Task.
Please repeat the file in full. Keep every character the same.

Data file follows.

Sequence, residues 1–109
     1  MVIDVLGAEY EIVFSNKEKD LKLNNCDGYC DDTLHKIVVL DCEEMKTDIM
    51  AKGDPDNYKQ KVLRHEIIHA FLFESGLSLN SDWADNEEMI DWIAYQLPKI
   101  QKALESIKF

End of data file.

Sequence, residues 1–109
     1  MVIDVLGAEY EIVFSNKEKD LKLNNCDGYC DDTLHKIVVL DCEEMKTDIM
    51  AKGDPDNYKQ KVLRHEIIHA FLFESGLSLN SDWADNEEMI DWIAYQLPKI
   101  QKALESIKF